wrongly caused $950 to be debited from his account. The submission of this “new evidence” is
immaterial and does not provide a basis for the Court to reconsider its previous decision. Nor has
Plaintiff demonstrated an intervening change in the law or clear error of law by the Court.
Accordingly, Plaintiff has not provided grounds that warrant this Court reconsidering its
previous decision to dismiss all claims against PNC Bank. For the reasons stated in this
Memorandum Opinion and for the reasons stated in the Court’s January 26, 2015, Memorandum
Opinion, Plaintiff’s Motion for Reconsideration is DENIED. 4
B. Enterprise’s Motion to Dismiss
The essence of Plaintiff’s claim against Enterprise appears to be that Enterprise caused
$950 to be debited from his account with PNC Bank on or about May 2, 2011. Compl. at 2, 4.
Not only does Plaintiff’s complaint contain a paucity of details regarding this alleged debit and
how it occurred, but Plaintiff’s briefing is flatly inconsistent with his Complaint. In his
Complaint, he states that, “[o]n or about May 2, 2011, Defendant Enterprise willfully and
deliberately charged the Visa card of the Plaintiff and extracted approximately $950 to defray the
cost [of] renting a vehicle that this plaintiff did not rent; and neither did he rent or cause a vehicle
or anything to be rented from the defendant.” Compl. at 2 (emphasis added). Plaintiff further
states in his Complaint that “[t]he plaintiff did not authorize the defendant to access or otherwise
charge anything to his Visa card, did not rent a vehicle from the defendant, and did not enter into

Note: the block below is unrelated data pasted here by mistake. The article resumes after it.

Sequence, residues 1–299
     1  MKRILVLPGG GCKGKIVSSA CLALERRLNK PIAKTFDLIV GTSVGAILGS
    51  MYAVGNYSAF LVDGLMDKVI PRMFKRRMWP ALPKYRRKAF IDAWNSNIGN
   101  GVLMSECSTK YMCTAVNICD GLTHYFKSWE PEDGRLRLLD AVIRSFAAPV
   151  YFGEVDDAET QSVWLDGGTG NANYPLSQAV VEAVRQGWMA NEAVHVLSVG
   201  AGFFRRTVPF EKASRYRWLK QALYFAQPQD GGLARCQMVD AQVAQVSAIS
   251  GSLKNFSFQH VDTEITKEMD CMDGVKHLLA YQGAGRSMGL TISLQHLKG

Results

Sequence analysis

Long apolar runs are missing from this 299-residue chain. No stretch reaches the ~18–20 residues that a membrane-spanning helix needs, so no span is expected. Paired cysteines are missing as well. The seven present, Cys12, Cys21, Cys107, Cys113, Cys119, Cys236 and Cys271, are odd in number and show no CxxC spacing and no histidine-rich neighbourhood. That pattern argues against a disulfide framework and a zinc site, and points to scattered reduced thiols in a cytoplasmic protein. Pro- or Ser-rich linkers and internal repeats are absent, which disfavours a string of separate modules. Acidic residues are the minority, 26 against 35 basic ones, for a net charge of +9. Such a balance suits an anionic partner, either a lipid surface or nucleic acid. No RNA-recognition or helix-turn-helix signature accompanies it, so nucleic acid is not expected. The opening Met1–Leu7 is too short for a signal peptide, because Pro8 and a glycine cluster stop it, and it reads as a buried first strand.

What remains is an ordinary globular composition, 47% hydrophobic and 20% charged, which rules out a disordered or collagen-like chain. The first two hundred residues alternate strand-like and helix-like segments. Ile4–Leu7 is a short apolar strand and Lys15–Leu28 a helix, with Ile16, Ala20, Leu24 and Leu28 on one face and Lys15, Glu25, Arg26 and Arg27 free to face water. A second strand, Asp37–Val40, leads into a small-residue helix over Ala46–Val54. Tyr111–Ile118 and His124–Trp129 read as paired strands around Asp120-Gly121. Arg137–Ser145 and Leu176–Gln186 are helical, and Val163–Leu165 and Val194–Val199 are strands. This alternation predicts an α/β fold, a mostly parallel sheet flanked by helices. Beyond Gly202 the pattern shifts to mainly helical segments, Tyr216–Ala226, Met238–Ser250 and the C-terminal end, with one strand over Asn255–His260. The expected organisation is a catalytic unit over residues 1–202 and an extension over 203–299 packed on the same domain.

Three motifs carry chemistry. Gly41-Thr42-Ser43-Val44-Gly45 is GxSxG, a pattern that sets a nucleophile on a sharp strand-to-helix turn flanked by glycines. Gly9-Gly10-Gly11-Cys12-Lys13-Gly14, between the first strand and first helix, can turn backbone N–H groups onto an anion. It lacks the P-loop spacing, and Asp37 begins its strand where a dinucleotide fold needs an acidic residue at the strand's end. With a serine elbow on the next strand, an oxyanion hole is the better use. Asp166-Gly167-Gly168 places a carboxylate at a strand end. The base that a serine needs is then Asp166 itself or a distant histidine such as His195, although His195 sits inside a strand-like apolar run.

any agreement with Defendant Enterprise.” Id. (emphasis added). He also alleges that “[o]n or
about May 2, 2011, Defendant PNC Bank improperly allowed moneys to be taken under my
name from a checking account, with my name attached, and given to defray a debt that was
associated with my son, the result of a bogus claim from Equifax - - a claim that caused me to be
the debtor to Enterprise Rental, another defendant in this case.” Id. at 4. While the meaning of
these allegations is far from clear, it appears that Plaintiff is alleging that, by charging a Visa card
issued in his name, Enterprise caused a debit in the amount of $950 to an account with Plaintiff
had with PNC Bank.
As stated above, the Court fully incorporates the January 26, 2015, Memorandum Opinion,
ECF No. 46, in this Memorandum Opinion.
However, in Plaintiff’s Opposition to Enterprise’s Motion to Dismiss, Plaintiff
contradicts these allegations. He states that, “[t]here is no such accusation that this petitioner’s
credit or debit card was used. The charge was an illegal debit to this petitioner’s checking
account for a car rental that this petitioner did not approve, rent, or cause to be rented.” Pl.’s
Opp’n at 2. He further states that “[t]he transaction was performed when a debit (not use of a
card) was made to the PNC checking account.” Id. That is, Plaintiff explicitly disclaims the use
of a credit or debit card in causing the withdrawal from his account, but he does not identify any